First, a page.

An Institution of Stories

LA Plaza de Cultura y Artes—LA Plaza—is an institution of stories that makes known the role of Mexicans, Mexican Americans, and all Latinos in shaping the past, present, and future of Los Angeles. We share these stories through permanent and changing exhibits, educational initiatives, and a diverse range of public programming.

LA Plaza has welcomed visitors to our historic campus near Olvera Street in the El Pueblo historic district of downtown Los Angeles since 2011. LA Plaza gathers and displays art, artifacts, and documentation that celebrate the rich origins, present influences, and future promise of all Latinos in the Los Angeles region.

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We present exciting performances, compelling exhibits, and thought-provoking discussions on a year-round basis. LA Plaza’s offerings include a wide range of programs in music, dance, films, art, history, culinary arts, topical events, nature, and much more.

LA Plaza is about learning, doing, and inspiring. We collaborate with our communities and make our spaces available for public and private events. We help children, adults, and families to discover and appreciate our history of the city, presenting the stories of Latinos in a manner that is respectful, educational, and entertaining.

LA Plaza is the place to begin your exploration of Mexican and Mexican American history of Los Angeles. LA Plaza has something to offer casual and curious visitors; elementary, high school and college students; and teachers and researchers alike.

Our central location at El Pueblo de Los Angeles, the historical birthplace of the city, makes it an ideal place to plan and enjoy a full day of fun, art, culture, and history.


Imagine LA Plaza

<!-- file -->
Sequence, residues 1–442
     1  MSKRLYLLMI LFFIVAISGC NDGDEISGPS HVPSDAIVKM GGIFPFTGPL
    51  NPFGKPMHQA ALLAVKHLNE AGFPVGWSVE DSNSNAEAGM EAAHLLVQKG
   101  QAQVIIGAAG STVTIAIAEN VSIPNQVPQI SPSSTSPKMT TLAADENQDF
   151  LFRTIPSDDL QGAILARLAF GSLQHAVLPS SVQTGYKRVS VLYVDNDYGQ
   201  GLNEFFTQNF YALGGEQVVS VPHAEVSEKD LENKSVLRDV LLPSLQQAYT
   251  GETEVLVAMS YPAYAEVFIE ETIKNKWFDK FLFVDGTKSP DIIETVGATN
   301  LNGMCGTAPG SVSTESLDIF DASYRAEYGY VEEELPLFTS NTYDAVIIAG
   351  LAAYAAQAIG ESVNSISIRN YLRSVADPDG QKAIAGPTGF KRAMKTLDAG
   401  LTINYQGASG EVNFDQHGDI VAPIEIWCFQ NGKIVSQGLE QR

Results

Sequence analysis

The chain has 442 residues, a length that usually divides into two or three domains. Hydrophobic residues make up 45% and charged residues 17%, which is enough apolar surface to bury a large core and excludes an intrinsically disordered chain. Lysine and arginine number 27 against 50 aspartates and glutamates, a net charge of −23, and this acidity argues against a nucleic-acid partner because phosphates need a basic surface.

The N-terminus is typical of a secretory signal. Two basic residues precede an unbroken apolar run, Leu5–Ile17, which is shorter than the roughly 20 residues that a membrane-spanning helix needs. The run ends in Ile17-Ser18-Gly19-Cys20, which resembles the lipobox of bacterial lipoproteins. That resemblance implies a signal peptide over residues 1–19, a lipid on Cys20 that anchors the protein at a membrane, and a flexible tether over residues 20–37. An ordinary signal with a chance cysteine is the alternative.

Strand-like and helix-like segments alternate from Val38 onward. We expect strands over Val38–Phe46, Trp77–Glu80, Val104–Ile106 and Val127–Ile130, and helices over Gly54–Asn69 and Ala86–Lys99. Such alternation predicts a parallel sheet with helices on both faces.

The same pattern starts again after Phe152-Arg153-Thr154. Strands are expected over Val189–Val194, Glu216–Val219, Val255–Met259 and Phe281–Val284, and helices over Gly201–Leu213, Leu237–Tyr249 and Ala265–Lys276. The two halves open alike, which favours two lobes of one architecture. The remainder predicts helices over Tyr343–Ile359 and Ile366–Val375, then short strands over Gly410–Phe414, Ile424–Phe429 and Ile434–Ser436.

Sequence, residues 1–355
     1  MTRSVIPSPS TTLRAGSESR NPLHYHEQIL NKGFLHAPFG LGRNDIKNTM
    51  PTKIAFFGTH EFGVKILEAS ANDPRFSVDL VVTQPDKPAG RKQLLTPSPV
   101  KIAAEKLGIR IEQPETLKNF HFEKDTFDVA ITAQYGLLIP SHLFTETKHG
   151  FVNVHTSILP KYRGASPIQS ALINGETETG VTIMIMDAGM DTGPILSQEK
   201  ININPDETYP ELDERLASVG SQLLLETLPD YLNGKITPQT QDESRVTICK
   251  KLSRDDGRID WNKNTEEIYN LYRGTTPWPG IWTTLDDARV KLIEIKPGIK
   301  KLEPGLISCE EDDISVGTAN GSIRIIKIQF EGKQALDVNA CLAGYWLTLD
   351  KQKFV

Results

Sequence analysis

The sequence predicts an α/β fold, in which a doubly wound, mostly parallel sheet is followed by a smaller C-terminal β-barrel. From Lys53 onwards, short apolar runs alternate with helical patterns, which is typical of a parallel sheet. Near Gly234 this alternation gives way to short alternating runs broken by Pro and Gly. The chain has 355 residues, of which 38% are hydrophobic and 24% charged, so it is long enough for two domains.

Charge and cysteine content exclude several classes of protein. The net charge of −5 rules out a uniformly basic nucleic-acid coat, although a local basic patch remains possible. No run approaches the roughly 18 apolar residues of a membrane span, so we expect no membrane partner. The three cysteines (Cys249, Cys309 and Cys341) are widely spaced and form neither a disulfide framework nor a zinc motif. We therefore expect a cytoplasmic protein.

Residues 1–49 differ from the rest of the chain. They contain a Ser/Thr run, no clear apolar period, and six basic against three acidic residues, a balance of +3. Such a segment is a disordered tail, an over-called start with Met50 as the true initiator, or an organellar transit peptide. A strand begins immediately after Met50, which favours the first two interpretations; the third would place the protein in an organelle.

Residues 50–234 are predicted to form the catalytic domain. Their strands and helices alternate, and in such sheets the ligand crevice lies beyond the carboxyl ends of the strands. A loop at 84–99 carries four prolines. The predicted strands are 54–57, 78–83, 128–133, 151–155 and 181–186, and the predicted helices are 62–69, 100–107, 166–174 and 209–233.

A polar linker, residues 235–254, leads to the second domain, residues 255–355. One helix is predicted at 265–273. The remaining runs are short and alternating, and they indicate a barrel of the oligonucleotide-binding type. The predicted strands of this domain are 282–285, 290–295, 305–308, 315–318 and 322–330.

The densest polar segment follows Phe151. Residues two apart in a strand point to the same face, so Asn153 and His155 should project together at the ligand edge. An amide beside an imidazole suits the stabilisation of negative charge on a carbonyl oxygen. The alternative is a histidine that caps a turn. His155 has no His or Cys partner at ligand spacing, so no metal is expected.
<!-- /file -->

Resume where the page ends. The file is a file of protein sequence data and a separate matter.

Imagine a semi-arid space bordered by ocean and mountains, a winding river flowing over fertile land.

Imagine an indigenous people arriving and occupying the space: Hunters, gatherers, traders, at one with native plants and animals, communing with sky and spirits.

Imagine a Spanish galleon sailing the coast, slowly observing the smoke rising in the far distance of the space.

Imagine a friar and an engineer on expedition excited by the richness of a parcel by the river’s edge, a place to settle, protect and cultivate.

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Imagine a Spanish governor, 44 settlers–11 men, 11 women, and 22 children–along with soldiers, mission priests, and a few natives, arriving after an arduous journey from Mexico to the space by the river to build, grow, and live. They call it El Pueblo de Nuestra Señora la Reina de los Angeles de Porciúncula or The Town of Our Lady the Queen of Angels of the Little Portion.

Imagine Los Angeles.

Imagine the pueblo–first under Spanish flag, then Mexican, and finally the Stars and Stripes–slowly growing around the plaza.

And then, the river’s channel changes course and the pueblo and the plaza flood, is moved, and rebuilt. And after another flood, moved and rebuilt a second time. But the lure of the plaza is constant: It’s their social and spiritual center, a place of community, self-expression, and celebration.

The pueblo becomes a city. The city spreads, its economic and political center shifting south and west. The plaza’s fortunes ebb and flow, but it endures.
The one constant: A distinct and vibrant Mexican and Mexican American presence that permeates the plaza, serving as its lifeblood and soul.

Imagine the plaza as a living thing, central to the old pueblo, now a historic monument called El Pueblo De Los Angeles Historical Monument. Home to buildings dating back to the 1800s, structures built, abandoned, restored, reused.

And now, imagine a walk across the Main Street of the now modern city, home to nearly four million people, to LA Plaza de Cultura y Artes—LA Plaza—a museum of history, art and culture that since 2011 has encapsulated and celebrated the rich origins, present influence, and future promise of the region’s Mexican American experience.

Imagine, and welcome, to LA Plaza.


Los Angeles

Los Angeles has historically served as home and the largest population center of Latinos since the city’s establishment in 1781. Today, Latinos comprise nearly half of the city’s population and is projected to reach 53.5% by 2030.

Socially, culturally, politically and in many other ways, Los Angeles sets the pace for the U.S. Latino population. The city exemplifies the notion that, “as Latinos are becoming more American, America is becoming more Latino.”

The Latino population of the United States now comprises the largest ethnic group in the country with an estimated 56.6 million people or 17.6% of the total U.S. population. People of Mexican ancestry account for the largest segment of the U.S. Latino population, totaling 35.8 million and making up 63.4% of all U.S. Latinos and 10.9% of the United States' population.

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